When you’re not based in Silicon Valley, you have to be a little more creative about where you find tech deals. Just ask Paul Ahlstrom, a managing director for vSpring Capital.
The venture capital fund was looking to expand beyond its headquarters in Salt Lake City several years ago, and Ahlstrom figured New Mexico had potential. “I thought, ‘How could you pour several billion dollars [in R&D investment] a year into the area and not get any significant exits?’” he says.
So, he and his wife packed up their belongings and moved to Los Alamos, N.M., where he spent a year reconnoitering. “I was probably the dumbest guy in the town, the only one without a Ph.D.,” he recalls.
Ahlstrom was pleased with what he found, or, rather, the lack of what he found. First, the area didn’t have a history of entrepreneurship. There were lots of smart people focused on research, but “there wasn’t a strong interest in commercialization,” he says.
Second, the region didn’t have a strong, informal network of trusted investors and businessmen needed to foster startups. “You need to connect that with early stage capital, and you have to have them there for a significant period of time to get things off the ground,” he says.
New Mexico will play an increasingly important role in what vSpring does, but currently represents only a small part of its deal flow. So far, it has only done four deals in the state, about 10% of its investments. It still makes the majority of its investments, about 60%, in Utah.
“We’ve been looking for these brave new world technologies coming out of New Mexico and have funded four so far,” Ahlstrom says. “It is earlier stage, but the technologies are very different from what you might find in California.”
How could you pour several billion dollars a year into the area and not get any significant exits?
Paul Ahlstrom, Managing Director, vSpring Capital
For example, vSpring has backed VeraLight, a diabetes tester that uses fluorescence spectroscopy to figure out if a patient is developing diabetes. The technology, which is non-invasive, can be more accurate than a test that requires blood to be drawn.
Going off the beaten path has worked out well for vSpring. Its first fund, raised in the inauspicious vintage year of 2000, returned 15.4% as of Q1, Ahlstrom says.
With that successful track record, vSpring has raised $56 million toward a proposed third fund of $250 million, according to a regulatory filing. The new fund would be nearly three times larger than its second, an $86.1 million fund raised in 2004.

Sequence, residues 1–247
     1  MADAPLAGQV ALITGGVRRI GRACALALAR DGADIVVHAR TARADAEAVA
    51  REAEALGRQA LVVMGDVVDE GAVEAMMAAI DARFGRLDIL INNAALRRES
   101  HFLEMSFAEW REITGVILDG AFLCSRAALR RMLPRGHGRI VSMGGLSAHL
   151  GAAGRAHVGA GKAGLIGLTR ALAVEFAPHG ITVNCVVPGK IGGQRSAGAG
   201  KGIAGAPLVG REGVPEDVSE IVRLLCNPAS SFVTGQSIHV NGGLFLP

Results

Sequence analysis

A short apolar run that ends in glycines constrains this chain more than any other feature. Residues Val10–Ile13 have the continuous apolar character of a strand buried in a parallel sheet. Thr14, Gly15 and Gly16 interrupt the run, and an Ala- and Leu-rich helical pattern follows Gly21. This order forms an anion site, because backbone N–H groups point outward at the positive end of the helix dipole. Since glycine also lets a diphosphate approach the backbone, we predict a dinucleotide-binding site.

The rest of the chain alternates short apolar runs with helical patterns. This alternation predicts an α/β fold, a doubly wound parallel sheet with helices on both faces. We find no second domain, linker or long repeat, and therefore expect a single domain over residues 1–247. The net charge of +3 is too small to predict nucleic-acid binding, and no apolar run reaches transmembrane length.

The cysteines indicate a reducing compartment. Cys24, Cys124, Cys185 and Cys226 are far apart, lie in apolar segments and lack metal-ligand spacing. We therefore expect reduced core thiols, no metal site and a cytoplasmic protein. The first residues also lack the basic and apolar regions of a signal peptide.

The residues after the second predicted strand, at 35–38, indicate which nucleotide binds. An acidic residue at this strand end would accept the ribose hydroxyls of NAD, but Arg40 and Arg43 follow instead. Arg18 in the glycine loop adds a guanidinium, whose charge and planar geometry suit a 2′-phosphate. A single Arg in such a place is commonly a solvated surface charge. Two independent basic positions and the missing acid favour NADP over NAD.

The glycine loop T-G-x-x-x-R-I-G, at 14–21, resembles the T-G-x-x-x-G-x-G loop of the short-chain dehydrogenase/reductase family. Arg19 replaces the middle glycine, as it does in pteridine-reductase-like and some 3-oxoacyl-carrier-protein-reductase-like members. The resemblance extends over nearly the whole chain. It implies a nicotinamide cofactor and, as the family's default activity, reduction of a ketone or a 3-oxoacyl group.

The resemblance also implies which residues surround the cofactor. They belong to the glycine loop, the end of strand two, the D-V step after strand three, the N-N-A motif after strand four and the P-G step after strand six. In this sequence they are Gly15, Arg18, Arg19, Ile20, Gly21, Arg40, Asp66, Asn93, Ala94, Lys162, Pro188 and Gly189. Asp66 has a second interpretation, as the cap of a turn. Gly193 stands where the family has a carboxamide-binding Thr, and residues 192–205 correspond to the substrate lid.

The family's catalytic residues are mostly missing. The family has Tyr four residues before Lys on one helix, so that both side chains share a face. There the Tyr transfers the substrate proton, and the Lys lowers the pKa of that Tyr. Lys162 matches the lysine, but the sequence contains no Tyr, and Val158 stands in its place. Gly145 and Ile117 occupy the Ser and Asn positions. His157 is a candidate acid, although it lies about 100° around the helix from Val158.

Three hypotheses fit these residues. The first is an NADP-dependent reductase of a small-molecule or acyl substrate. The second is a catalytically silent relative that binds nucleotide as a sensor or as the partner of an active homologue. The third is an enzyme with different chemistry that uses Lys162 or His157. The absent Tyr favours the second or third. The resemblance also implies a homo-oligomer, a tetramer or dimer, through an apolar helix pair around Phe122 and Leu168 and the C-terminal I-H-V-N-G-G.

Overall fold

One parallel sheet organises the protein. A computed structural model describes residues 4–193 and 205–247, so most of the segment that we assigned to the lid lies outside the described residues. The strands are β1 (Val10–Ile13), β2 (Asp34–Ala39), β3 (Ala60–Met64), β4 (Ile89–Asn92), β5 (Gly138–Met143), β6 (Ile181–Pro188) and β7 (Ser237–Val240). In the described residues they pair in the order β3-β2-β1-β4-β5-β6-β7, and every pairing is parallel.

Why such a big increase in fund size? Ahlstrom explains that smaller funds prevented vSpring from purchasing greater ownership in its portfolio companies. “We went back and looked at the other investments we made in our last two funds and we looked at what size the funds would have to have been to maximize our returns,” he says. “We weren’t hitting our ownership target for our deals.”
The firm’s inaugural fund raised $41.5 million from limited partners and another $78.5 million from the Small Business Administration. To date, that fund has had eight exits that returned money, three exits that didn’t and three write-offs, Ahlstrom says. Vspring notched a big win as part of the consortium that spun LanDesk out of Intel and sold it to Avocent for $416 million last year. The deal netted an estimated 10x return for the investors.
Limited partners in vSpring’s previous funds include CPP Investment Board, Merrill Lynch & Co. Inc., the New Mexico State Investment Council, SVB Financial Group, Wells Fargo & Co. and Zions Bancorp.
Locations: Salt Lake City and Albuquerque
Team: Managing Directors Paul Ahlstrom, Ed Ekstrom, Dinesh Patel and Scott Petty.
New fund: Currently raising third fund targeted at $250M. Has raised $56M to date.
Previous fund: Raised $86.1M for its second fund in 2004. First fund, raised in 2000, collected $41.5M from private investors and another $78.5M from the Small Business Administration.
Sample LPs: CPP Investment Board, Merrill Lynch, New Mexico State Investment Council, SVB Financial Group, Wells Fargo.
Focus: Early stage companies in four key areas: software, communications, Internet and life sciences.
Top co-investor: Wasatch Venture Fund (12 companies).
Sample exits: Protalex (rheumatoid arthritis drug developer, IPO in 2002), Salus Therapeutics (nucleic acid-based drug developer, acquired in 2003), Soronti (maker of switches for wireless peripherals, acquired in 2003), Cerberian (Internet access software developer, acquired in 2004), LANDesk (desktop management software developer, acquired in 2006).
Source: Thomson Financial and VCJ reporting.